The Sag Harbor fixture offers up nostalgia and formal dining.

American Hotel: Timeless Taste

Not much in the ever-changing Hamptons is purposefully timeless. The American Hotel, however — Sag Harbor’s Main Street institution — carries with it more than just the pang of nostalgia elicited by summers gone by. And in 2018, this local masterpiece is still going strong.

The landmark building has proudly prevailed in downtown Sag Harbor since the mid-1800s, but its history is a bit more complex. The space now occupied by the American Hotel was, according to lore, once a Colonial inn, razed by fire in the late 1700s.

In 1824, that space was reconstructed by a local cabinetmaker named Nathan Tinker. He finished the building nearly two decades later, using it as his residence in the meantime. By 1846, Tinker had tired of his project and, in a bid to supplement his income, added a boarding house above and behind the original edifice. But the whaling industry collapsed shortly thereafter, leaving Tinker with an unoccupied space, which eventually fell into disrepair.

Thirty years later, the building, left to Tinker’s heirs, was bought by Captain William Freeman and Addison Youngs, whaler and farmer, respectively. The men added to the building its now-iconic front porch, installed a formal dining room and bar, and named it the American House. The hotel offered 25 rooms for traveling salesmen, who could eat and sleep comfortably after a day on the road.

In the early 1970s, a spate of factory closings, made worse by a stalled national economy, cost Sag Harbor 1500 jobs, destroying the year-round population. By the time current owner (and wine director par excellence) Ted Conklin bought the place in 1972, it had fallen on tough times, essentially a boarding house with a disintegrating bar and outhouses.

The hotel had been non-operational since the 1930s and had sold no alcohol since before the first World War. Sag Harbor itself had slipped in prestige from its old whaling chops. The track to industrialism had changed the color and the flavor of the town. When Ted Conklin reopened the Hotel, on the Fourth of July in 1972, it was unclear as to how the revised establishment would perform.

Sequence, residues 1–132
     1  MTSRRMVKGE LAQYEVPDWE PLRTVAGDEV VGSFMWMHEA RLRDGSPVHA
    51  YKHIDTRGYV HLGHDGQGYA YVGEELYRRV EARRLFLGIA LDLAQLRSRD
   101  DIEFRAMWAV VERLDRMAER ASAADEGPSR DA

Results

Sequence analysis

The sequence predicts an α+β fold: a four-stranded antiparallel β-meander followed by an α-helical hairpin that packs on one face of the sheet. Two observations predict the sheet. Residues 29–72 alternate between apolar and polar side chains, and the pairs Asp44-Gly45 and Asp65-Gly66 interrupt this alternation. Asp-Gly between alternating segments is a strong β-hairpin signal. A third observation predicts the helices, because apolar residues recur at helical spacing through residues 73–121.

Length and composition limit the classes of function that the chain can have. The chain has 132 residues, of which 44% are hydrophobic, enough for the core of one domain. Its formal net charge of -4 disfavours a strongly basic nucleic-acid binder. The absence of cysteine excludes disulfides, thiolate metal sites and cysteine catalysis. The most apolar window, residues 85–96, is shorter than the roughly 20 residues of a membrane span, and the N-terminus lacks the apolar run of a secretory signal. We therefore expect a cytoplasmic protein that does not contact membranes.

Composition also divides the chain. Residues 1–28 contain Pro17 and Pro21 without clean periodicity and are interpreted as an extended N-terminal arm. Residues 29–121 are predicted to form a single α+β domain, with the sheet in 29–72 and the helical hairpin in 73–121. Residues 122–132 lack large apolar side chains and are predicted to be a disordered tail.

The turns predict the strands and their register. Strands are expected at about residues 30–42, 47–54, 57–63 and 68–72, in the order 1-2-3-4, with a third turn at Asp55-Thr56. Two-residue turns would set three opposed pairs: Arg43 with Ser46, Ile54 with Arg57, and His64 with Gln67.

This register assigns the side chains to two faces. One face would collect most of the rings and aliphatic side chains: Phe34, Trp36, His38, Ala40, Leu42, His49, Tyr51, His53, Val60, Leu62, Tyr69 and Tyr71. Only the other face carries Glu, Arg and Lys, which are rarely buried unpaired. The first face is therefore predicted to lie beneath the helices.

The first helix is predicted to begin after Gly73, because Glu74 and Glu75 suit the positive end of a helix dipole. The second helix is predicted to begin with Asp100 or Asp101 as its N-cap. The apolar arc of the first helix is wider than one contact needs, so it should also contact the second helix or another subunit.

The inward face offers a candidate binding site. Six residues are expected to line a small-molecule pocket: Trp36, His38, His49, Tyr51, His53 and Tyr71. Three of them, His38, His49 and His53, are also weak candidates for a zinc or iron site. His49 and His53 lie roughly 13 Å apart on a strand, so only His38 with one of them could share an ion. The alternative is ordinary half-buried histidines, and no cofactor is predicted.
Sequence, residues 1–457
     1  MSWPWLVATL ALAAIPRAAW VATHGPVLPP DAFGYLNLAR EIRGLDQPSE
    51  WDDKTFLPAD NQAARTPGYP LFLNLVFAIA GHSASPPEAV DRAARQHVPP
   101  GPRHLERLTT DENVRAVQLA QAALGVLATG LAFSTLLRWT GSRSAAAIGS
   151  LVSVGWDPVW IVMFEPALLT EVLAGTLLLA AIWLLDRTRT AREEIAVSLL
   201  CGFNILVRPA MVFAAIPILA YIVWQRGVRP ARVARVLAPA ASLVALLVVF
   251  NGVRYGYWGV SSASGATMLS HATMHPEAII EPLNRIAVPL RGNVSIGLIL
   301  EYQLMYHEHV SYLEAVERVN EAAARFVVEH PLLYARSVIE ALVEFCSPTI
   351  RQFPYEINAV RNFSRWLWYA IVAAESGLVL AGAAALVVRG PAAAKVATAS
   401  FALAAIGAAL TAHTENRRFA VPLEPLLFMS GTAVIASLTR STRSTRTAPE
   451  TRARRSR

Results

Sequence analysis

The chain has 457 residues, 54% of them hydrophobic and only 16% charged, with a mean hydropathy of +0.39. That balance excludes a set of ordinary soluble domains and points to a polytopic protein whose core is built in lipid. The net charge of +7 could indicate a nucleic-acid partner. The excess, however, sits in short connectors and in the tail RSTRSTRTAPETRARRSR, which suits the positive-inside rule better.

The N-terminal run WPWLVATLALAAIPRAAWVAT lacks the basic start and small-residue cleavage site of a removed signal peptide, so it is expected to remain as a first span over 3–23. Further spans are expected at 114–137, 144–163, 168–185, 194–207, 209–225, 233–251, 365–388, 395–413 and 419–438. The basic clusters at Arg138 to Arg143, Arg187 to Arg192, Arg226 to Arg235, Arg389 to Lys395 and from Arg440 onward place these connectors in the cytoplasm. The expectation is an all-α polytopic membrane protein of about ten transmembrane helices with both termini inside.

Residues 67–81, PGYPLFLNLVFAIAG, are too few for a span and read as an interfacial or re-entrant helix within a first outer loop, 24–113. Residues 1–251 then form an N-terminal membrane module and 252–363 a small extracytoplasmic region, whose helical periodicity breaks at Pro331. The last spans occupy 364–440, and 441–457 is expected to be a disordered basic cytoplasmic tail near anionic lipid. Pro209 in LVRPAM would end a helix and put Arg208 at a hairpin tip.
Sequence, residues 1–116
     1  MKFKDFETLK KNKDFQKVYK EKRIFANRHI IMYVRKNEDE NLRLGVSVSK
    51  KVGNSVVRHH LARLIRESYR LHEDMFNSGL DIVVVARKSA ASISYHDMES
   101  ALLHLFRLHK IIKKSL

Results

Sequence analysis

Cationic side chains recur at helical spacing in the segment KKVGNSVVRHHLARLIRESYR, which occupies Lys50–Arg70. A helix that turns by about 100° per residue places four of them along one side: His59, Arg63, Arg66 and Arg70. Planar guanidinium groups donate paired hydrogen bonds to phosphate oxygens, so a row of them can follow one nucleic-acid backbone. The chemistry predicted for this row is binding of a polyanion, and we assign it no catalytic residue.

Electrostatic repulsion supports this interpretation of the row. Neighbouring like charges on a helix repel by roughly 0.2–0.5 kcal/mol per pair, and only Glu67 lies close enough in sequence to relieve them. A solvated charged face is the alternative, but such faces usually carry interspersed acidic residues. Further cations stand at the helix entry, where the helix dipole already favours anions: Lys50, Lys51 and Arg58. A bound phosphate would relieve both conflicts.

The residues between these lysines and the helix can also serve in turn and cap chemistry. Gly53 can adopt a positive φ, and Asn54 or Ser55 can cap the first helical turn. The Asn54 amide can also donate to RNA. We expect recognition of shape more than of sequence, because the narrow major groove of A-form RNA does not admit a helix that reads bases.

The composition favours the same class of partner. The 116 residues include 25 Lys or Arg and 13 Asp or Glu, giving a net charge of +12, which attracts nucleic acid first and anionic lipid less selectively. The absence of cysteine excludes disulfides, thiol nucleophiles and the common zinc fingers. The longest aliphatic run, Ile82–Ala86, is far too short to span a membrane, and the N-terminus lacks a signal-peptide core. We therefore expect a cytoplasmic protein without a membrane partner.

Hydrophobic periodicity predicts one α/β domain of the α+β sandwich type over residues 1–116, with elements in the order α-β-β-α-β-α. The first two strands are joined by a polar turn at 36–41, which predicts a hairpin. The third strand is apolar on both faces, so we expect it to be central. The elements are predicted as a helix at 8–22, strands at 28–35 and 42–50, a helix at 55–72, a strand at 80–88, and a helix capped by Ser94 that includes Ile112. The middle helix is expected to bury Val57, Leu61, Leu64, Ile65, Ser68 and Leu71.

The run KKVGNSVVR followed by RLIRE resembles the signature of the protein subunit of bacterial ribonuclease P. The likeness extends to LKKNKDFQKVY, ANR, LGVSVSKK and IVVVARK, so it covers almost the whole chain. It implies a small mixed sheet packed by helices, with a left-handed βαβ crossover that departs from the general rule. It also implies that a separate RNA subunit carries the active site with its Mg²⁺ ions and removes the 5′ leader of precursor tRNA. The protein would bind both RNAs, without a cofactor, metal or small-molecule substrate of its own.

Luckily, Sag Harbor made a full recovery (as anyone perusing the real estate listings can see), and the American Hotel reclaimed its moment in history. With its mix of nautical décor and hunting lodge chic — along with a touch of Tiffany glass — the Hotel attracted steady clientele and a staff that never really left. The literary elite — Truman Capote and E.L. Doctorow, among others — established themselves as bar regulars, offering the restaurant a sense of upscale panache.

And what of the menu? Like the setting, the food at the American Hotel is decidedly formal, with formal prices to match. Soupe a l’oignon gratinée arrives still bubbling in a massive, hot-to-the-touch crock. Oysters Rockefeller, Petrossian caviar, terrine de foie gras, fillet of flounder with beurre blanc, and duck a la Montmorency all make obligatory showings, too.

However, you may not be there for the formal dining, which takes place with fine French service, tablecloths, and individual vases full of fresh flowers. You may have come with wine in mind — and if you did, you came to the right place. Since 1981, the American Hotel has boasted the highest award bestowed on a restaurant by Wine Spectator, the Wine Spectator Grand Award. Few restaurants enjoy this distinction, which requires that a restaurant feature 1000 or more wine selections, “outstanding depth in mature vintages,” and a formidable selection of large-format bottles. On Long Island, the Hotel is the sole restaurant to hold this prestigious award.

Come for a drink (even the by-the-glass selections are expansive), stay for a bite, observe the authors and celebrities who dine on the porch or in the intimate dining room, and languor in the low-ceilinged, wooden bar area until last call. It’s a decadent reminder of a Sag Harbor that once was, and a Sag Harbor that now, centuries later, is again.